JEFFREY BROWN: And we look more now at Greece, Europe and the connection to the U.S. with Nariman Behravesh, chief economist at IHS Global Insight, an economic forecasting and consulting firm.
Well, Nariman, Greece is the immediate focus here, but other European countries are facing a similar problem, correct? How widespread is this?
NARIMAN BEHRAVESH, chief economist, IHS Global Insight: That is correct.
There are about five countries that investors are particularly worried about: Portugal, Ireland, Italy, Greece, and Spain. And the acronym for these is the PIIGS, if you will, unfortunately.
All of these countries have large amounts of debts. And the recession that we just went through -- and some of them are actually still going through, like Spain is still going through a recession -- have exposed the fault lines, if you will, and have made this problem far worse than it was before. And, unfortunately, as the story was said earlier, in the case of Greece, they essentially lied about the numbers.
And, so, all of a sudden, the picture in Greece is looking a lot worse than it did just, you know, a few months ago. And not only are the -- are the investors focused on Greece, but, all of a sudden, they're beginning to worry about the others, especially Portugal and Spain, a little less worried about Italy and Ireland right now.
But those three countries, Greece, Portugal and Spain, are particularly worrisome.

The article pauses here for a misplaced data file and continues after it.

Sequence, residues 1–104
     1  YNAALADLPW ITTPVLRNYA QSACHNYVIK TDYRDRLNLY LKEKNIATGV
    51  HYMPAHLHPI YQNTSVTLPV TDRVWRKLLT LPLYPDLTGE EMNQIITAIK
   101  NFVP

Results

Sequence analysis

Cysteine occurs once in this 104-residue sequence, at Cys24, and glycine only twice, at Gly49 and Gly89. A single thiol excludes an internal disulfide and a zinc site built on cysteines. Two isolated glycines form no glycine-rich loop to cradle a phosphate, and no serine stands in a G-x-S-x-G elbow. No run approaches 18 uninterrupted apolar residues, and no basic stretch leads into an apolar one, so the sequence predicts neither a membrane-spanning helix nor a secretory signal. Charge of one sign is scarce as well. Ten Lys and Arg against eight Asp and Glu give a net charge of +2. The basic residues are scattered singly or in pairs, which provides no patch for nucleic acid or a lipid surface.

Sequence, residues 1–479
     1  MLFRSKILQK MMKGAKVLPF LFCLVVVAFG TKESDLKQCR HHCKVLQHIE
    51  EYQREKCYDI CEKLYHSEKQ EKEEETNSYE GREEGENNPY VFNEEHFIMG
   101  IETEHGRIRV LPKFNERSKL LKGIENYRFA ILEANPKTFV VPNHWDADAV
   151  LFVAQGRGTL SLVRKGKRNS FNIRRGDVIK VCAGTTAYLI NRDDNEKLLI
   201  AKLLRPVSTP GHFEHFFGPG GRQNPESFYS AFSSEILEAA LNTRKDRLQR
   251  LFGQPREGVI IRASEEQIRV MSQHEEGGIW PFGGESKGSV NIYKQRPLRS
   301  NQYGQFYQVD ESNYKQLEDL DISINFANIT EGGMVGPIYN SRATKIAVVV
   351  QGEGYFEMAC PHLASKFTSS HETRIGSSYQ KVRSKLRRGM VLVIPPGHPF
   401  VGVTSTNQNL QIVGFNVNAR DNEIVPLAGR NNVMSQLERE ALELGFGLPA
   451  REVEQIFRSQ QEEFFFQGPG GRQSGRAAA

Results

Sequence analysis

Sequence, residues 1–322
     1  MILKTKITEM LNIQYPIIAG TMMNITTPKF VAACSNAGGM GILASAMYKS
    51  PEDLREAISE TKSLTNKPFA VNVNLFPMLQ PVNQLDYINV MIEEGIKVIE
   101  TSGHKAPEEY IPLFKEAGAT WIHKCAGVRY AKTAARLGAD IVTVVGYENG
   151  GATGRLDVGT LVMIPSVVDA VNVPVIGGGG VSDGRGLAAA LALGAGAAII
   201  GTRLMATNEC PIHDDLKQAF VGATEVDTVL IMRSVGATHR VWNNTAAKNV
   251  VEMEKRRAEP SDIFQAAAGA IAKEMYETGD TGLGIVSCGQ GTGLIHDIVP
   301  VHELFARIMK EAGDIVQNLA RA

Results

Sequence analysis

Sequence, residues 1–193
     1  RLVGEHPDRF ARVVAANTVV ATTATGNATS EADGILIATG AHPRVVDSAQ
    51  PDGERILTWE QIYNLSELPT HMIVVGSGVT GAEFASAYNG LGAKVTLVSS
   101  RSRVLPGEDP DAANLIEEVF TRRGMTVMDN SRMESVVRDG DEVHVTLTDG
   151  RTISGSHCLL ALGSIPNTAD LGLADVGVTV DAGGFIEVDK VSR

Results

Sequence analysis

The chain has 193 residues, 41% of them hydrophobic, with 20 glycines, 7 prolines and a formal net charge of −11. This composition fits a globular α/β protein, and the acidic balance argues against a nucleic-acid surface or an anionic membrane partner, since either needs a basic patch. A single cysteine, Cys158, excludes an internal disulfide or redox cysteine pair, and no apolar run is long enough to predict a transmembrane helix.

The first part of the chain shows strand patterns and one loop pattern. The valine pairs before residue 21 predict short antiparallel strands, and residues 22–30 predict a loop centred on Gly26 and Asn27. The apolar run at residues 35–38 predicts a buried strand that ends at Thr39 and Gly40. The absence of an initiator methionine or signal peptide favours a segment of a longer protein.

JEFFREY BROWN: So, you have these countries that have their own problems, but then there is the further contagion worry, I guess, and the impact on the rest of Europe.
Explain that. I saw one quote today that described this as the biggest test of the euro in its 11-year history. How does the problem in Greece affect Germany and other countries in Europe?
NARIMAN BEHRAVESH: Well, it's a very good question, in the sense that the big worry is that, what if Greece defaults on its debt? What will happen? What's the scenario?
There are a couple nasty scenarios, one in which Greece leaves the euro zone. It is one of the 16 members of the single-currency area. That would be a disaster politically, economically, for the rest of the euro zone, because it would start to put pressure on these other countries that are in trouble. And you could start to see a big splintering of this sort of unified currency area.
The alternative, which is, in the end, a better alternative, but, to some extent, unpalatable to especially the Germans, is that they bail out Greece. They save the euro zone, but bail out Greece. And, here, I think the Germans probably will eventually come around, but they're very worried about the precedents that this will set, because Greece has been quite profligate in its behavior.
So, they don't want to reward that. They don't want to create what's referred to as moral hazard, in the sense of, again, you know, providing guarantees that only means that, a few years from now, they're going to do the same thing. So, they're -- they're left between two very bad choices here.
JEFFREY BROWN: And their citizens, presumably, would have to take on the problems of Greece and these other countries.